Do you ever find that those are some students who just can’t seem to get a skill after the millionth time you have practiced it? This was definitely me a few weeks ago while teaching measurement conversions.

We were struggling with measurement conversions because students had little understanding of measurement and little to no knowledge of relative sizes of the unit. They did not know when to multiply and when to divide to convert.

We had worked on other strategies such as making a list and drawing visuals. But we were getting into larger amounts, and they needed to really move into writing equations to convert.

**Here is the strategy, step by step:**

**Step 1:** Write what you are looking for and what you have from the problem.

**Step 2:** Write “What You Know” about inches and feet equivalencies on top. (Make sure you match up the units.)

**Step 3:** Circle the unit you are trying to find. Then draw an arrow to that unit.

**Step 4:** Determine how you get to the number circled on the “What You Know.” Do you multiply or divide?

**Step 5:** Go back to your original problem. Whatever you determined that you were supposed to do to convert from Step 4, complete on the given unit.

Basically, the students use the information in the problem to create two equations on top of each other like this:

24 inches = ? feet

12 inches = 1 foot

The students then use this information strategically to determine whether multiplication or division is needed to solve the equivalency problem.

I think this strategy works because it puts in steps what proficient students do internally. Also, it forces the students to really stop and think about the units and how to convert them.

This poster also works great in an interactive notebook. I have included a version that prints four per page to make printing and using a breeze!

If you need printables to practice measurement conversions, I have a Measurement Conversion printable pack that includes 25 pages of conversions, whole numbers, decimals, and fractions are included (and separated so you can differentiate as needed).

Click here to check out the Measurement Conversion Printables on TpT.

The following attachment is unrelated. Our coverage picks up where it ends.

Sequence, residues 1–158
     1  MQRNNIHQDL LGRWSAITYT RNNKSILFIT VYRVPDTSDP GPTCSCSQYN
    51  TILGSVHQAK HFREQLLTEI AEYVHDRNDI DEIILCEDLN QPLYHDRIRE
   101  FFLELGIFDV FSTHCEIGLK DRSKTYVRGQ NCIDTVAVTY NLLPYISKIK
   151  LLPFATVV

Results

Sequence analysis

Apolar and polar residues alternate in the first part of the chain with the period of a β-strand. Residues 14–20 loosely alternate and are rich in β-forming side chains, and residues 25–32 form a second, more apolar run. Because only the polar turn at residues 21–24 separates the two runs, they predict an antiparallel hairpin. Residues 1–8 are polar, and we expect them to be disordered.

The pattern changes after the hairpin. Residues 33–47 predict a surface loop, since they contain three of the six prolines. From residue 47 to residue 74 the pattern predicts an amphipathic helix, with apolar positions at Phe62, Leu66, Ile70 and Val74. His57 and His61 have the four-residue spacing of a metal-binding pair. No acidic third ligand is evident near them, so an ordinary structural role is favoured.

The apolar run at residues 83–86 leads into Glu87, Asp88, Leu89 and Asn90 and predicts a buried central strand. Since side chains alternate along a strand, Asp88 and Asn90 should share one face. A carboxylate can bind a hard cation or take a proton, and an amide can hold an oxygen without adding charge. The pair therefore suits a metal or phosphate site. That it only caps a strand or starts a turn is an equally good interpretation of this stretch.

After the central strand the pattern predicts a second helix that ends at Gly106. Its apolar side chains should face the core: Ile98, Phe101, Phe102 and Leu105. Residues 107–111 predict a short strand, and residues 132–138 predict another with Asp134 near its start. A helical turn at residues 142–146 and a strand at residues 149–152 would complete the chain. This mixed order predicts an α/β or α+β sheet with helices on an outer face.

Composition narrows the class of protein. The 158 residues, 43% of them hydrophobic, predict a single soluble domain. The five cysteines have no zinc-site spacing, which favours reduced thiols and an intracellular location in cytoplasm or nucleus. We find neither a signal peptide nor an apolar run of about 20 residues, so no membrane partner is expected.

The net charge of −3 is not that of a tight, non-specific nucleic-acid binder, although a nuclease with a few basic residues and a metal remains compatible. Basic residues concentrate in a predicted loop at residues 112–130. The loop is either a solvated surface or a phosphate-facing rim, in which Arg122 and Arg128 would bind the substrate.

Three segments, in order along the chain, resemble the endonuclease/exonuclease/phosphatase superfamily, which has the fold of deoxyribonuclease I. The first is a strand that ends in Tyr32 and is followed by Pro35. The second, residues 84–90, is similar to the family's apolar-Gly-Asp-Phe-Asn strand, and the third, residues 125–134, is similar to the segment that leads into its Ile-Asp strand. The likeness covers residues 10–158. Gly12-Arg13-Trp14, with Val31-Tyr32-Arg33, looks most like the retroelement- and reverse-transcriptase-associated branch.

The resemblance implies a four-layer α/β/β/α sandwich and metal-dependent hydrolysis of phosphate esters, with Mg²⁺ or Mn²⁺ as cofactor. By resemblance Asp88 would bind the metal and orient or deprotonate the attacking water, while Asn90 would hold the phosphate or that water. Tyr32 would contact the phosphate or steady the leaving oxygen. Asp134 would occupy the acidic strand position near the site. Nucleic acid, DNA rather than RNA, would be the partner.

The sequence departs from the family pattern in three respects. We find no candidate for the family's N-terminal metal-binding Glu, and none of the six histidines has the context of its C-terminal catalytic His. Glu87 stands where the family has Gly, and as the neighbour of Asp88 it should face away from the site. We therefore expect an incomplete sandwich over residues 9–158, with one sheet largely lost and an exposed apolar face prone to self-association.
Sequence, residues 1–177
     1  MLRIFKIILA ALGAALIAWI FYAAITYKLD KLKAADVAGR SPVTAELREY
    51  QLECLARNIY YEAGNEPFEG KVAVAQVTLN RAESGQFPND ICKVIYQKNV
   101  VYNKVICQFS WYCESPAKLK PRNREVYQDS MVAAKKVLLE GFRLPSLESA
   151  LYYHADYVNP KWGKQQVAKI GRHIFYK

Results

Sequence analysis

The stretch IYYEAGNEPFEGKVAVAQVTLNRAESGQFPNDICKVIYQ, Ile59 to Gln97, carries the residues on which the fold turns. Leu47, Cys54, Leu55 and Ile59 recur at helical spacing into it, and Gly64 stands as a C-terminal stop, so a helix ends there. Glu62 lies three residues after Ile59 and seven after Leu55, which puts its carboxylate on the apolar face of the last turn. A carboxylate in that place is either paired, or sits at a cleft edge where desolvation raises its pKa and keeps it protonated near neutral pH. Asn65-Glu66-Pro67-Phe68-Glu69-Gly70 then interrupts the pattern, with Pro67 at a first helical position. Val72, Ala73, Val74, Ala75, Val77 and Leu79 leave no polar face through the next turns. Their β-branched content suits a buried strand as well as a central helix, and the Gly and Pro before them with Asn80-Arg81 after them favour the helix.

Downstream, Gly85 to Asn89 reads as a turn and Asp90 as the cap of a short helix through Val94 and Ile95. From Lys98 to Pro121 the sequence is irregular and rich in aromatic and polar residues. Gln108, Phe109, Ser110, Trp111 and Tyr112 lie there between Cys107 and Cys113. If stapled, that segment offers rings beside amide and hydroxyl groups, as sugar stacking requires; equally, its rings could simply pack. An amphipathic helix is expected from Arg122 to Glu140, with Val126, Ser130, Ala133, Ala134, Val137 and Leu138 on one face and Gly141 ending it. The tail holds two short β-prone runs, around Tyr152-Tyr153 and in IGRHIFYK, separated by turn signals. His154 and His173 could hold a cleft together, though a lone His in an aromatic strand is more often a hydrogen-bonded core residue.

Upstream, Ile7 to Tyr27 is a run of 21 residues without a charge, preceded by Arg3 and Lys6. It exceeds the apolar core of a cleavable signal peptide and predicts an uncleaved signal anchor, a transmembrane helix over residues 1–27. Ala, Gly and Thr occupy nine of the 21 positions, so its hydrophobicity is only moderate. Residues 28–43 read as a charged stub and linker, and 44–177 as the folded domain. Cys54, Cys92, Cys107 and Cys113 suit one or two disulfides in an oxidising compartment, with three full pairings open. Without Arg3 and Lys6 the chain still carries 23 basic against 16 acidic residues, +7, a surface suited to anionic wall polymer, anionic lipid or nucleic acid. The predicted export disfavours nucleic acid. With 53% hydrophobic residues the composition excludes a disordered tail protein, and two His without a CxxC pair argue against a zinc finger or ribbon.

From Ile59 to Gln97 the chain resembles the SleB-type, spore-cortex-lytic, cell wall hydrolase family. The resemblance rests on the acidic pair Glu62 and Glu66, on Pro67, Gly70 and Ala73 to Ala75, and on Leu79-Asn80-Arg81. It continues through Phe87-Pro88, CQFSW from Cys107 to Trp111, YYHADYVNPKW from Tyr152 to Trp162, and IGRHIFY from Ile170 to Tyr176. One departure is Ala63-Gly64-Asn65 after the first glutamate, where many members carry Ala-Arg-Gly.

Brandi says

Great explanation. After some repeated practice, and referring back to their notebook page, they should be pros. That would also make a GREAT anchor chart:)

Brandi

My Teacher Friend

Alison Rose says

Thank you so much for sharing. I can't wait to try this with my kids.

Alison

Rockin' and Lovin' Learnin'

Erin T says

We use the metric system, so conversions are WAY easier – I don't envy your pain!!!

Erin

The E-Z Class

Janet Ust says

Found the phrase: horse to fly- multiply (big unit to small) and fly to horse- divide of course (small to big). My students love it!

Julia says

I don't have any cool tips or tricks for measurement, but I am happy to search the internet and borrow cute ideas like these! Thanks for sharing!!

Danielle says

I use ratio tables for EVERYTHING!

Amy says

Thanks for sharing! This will come in handy for the conversion is our math journal.

Amy

Turtley Loving Teaching

Heather GalIe says

I just went through this myself when my 5th graders switched from metric to customary and I thought there has to be trick or strategy like the metric system stair step. I sat down one day and worked and worked at it and then BOOM! I came up with a great stair step strategy much like the metric stair system that is really easy to use for US Customary measurements. I am new to posting a comment on a page so I don’t want to write about a product on here if you aren’t supposed to. So please email me back and let me know if you want a sneak peek at what I came up with, and if you like it I will post more info about it?

SC says

Hi Galle,

Please email me @

[email protected]

your stair step strategy , that you came up with.

My kids are kind of struggling to understand when do they need to divide and when to multiply.

Thank you so much in advance.

You’ll be doing a huge favor to some kids in ESL , who are smart but sometimes language comes in the way of full comprehension,

SC from New Jersey.

Alex Pettis says

I would love to see this stair step strategy as well! I have a couple of struggling 4th graders.

[email protected]

Julie says

I wish I had found this earlier. I can think of several students who could have really benefited from this last year. At least I can use it for this year’s group. Than you for all your work.